Volume CIII, No. 7/8July, 2003

Louis AdlerBass

Joseph W. BarufaldiSaxophone

Ovid BastienBass

Peter CompoViolin

Andrew F. FitzgeraldClarinet

Ruth Freeman-GudemanFlute

Ignatius N. GennusaClarinet

Charles K. JohnsonTrombone

Leo KinstlerTrumpet

Jimmy KnepperTrombone

Fred NoblePiano/Composer/Arranger

Charles O’KaneSaxophone

Charles J. ScardinoBass

Anthony SilanoPiano

Ruth Freeman-Gudeman

Ruth Gudeman, 88, a flutist and an 802 member since 1937, died on April 20.

Ms. Gudeman attended Cleveand Institute of Music, Oberlin and Juilliard, where she studied with Georges Barrere.

She was the first woman to give a major recital in New York City at Town Hall, and later performed at Carnegie Hall, Lincoln Center and Radio City Music Hall.

Ms. Gudeman was on the faculty at Juilliard, where she taught thousands of flute students over the years She was also a member of the Chautauqua Symphony, and was selected for Who’s Who in American Women.

Ms. Gudeman retired to Sebastian, Fla. in 1977 with her husband Hans and continued to entertain at local venues. She formed the Family Trio with her sister, violist Betty Haines and son, Ralph Gudeman. They performed at several locations in Florida and New York.

In 2001, Ms. Gudeman moved to Mobile. She was active in performances at her church.

She is survived by her sister Betty, sons Charles and Ralph, and grandchildren Emily, Andrew, Susy, Beth and Kari.

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Jimmy Knepper

Jimmy Knepper, 75, a trombonist and an 802 member since 1950, died on June 14.

Mr. Knepper was a featured soloist in many bands, big and small, starting when he was a teenager. Later, he played with several well-known big bands, including those of Charlie Barnet, Woody Herman, Claude Thornhill and the Thad Jones-Mel Lewis Jazz Orchestra.

Starting in 1957, he began working with bassist and composer Charles Mingus. He played on some of Mingus’ most famous albums including “The Clown,” “Tijuana Moods,” and “Mingus Ah Um.” But his relationship with Mingus became rocky when Mingus reportedly hit Knepper in the mouth, an injury that hurt his embouchure for years.

Later, though, Mr. Knepper collaborated with Mingus again, on “Let My Children Hear Music” in 1971, at a Carnegie Hall concert in 1976 and on the last three albums Mingus recorded before his death in 1979. And he played in a Mingus tribute band, called Mingus Dynasty, in the 1980’s.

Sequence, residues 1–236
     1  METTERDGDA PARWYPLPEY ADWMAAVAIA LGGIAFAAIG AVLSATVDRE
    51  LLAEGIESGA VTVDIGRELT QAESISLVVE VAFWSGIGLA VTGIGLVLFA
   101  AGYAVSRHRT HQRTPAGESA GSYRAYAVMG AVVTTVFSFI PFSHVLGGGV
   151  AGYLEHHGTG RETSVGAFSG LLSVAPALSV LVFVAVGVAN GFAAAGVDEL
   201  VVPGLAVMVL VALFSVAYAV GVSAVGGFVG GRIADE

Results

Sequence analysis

During his five years with Mingus, he also worked with other bandleaders, among them Stan Kenton. In 1960 he toured Africa with a combo led by Herbie Mann. In 1962 he was a member of the Benny Goodman ensemble that toured the Soviet Union.

Mr. Knepper also toured as a freelance soloist and even played in a few Broadway pits.

He is survived by his wife Maxine, who used to be an 802 member when she played jazz trumpet. He is also survived by his daughter Robin and four grandchildren.

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Fred Noble

Fred Noble, 89, a pianist, composer and arranger, and an 802 member since 1946, died on April 18.

Mr. Noble began his career playing in small clubs in New Jersey and New York.

He joined Shep Fields and his Rippling Rhythm Orchestra during the Big Band era. During World War II he toured Europe with the USO, entertaining the troops.

In 1955, Mr. Noble and his family followed the Shep Fields Orchestra when it moved to Houston to be the house band at the Shamrock Hotel, where they accompanied many star performers.

He later went on to form his own band and played at many local venues.

He is survived by his wife Olga, daughters Julie and Toni, and grandchildren Stacey, Christianne, Zachary and Melissa.

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